American Dog Tick

What To Know About American Dog TicksDermacentor variabilis

American dog ticks are found everywhere across the United States east of the Rocky Mountains, especially along the East Coast. Dermacentor variabilis are known to transmit diseases to humans, dogs and cats too. D. variabilis can be found pretty much anywhere on your property including play sets, furniture, lawns, sidewalks and the side of your house.   They’re big, ugly and fast too!

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American Dog Tick Understanding

Physical Characteristics

Adult American dog ticks have 8 legs and are fairly large, roughly 5mm long. The females are reddish-brown in color, have distinctive white markings on their scutum (dorsal shield), whereas the adult male is slightly smaller in size, similarly colored with elaborate white markings on their entire back.  

Nymphs also have 8 legs and are yellow-brown in color and have red colorations near their eyes.  Larvae have 6 legs, are yellow in color, have red colorations near their eyes and are slightly smaller than a poppy seed.

Larvae and nymphs color will change to greyish-black after they have had a bloodmeal. Adult females with double in size and their color will change to grayish-brown when engorged.  D. variabilis size and coloration are dependent upon the tick’s gender, life stage and their level of engorgement.

Habitat & Range

The American dog tick is found in a variety of habitats. Typical residential properties with wood lines, leaf litter, groundcover and shrub beds are hot spots. D. variabilis also live in urban areas, particularly in parks or other open spaces. 

Microclimates with high humidity and tall foliage found in wooded or grassy ecotones, fields, meadows, roadsides and hiking trails support high tick populations.

The adult stage can also be seen on structures like picnic tables, playsets, decks and lawn furniture.  D. variabilis can survive in a variety of environments, and can be found pretty much everywhere!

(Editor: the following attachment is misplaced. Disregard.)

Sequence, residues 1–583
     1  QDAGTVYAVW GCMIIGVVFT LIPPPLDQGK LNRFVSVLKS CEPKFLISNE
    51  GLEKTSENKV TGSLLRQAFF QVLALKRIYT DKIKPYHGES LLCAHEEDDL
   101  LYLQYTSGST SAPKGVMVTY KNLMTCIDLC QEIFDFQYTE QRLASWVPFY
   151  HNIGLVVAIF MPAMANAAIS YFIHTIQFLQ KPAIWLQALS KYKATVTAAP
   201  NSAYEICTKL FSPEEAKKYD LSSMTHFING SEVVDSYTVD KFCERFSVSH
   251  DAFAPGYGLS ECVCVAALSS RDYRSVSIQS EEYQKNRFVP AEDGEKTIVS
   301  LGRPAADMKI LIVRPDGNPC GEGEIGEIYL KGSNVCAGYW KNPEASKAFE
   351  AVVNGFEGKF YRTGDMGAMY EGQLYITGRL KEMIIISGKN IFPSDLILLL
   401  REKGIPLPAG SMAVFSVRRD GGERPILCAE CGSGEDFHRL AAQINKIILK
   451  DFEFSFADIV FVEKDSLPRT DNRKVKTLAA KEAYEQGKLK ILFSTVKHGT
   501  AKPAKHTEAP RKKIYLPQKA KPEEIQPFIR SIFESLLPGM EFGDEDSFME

Life Cycle & Hosts

American dog ticks are three-host ticks that go through four stages in their life cycle: egg, larvae, nymph and adult male/female. Their life cycle takes approximately 2 years to complete depending on host availability, host location and temperature. Adult ticks will mate while feeding on large animals. The male will die after mating and the female will lay its egg mass in leaf litter immediately or over-winter and then lay them in the spring.  It takes approximately 30 days for the eggs to hatch.

Larvae ticks tend to feed on smaller mammals, such as mice or chipmunks. Nymphs prefer small to medium sized hosts and range from mice to raccoons and rarely feed on humans.

Adults prefer larger mammals like dogs, horses, cattle and humans. Adults can survive without a blood meal for up to 2 years, nymphs can survive for 6 months and larvae can go 11 months without a blood meal.

All stages are active March through September dependent on geographic distribution.

Medical & Veterinary Importance

The American dog tick adult can transmit the causative agent that causes Rocky Mountain Spotted Fever (RMSF) and the bacteria that causes Tularemia to humans.  It can also cause Canine Tick Paralysis in dogs which can kill the animal unless the tick is removed in time.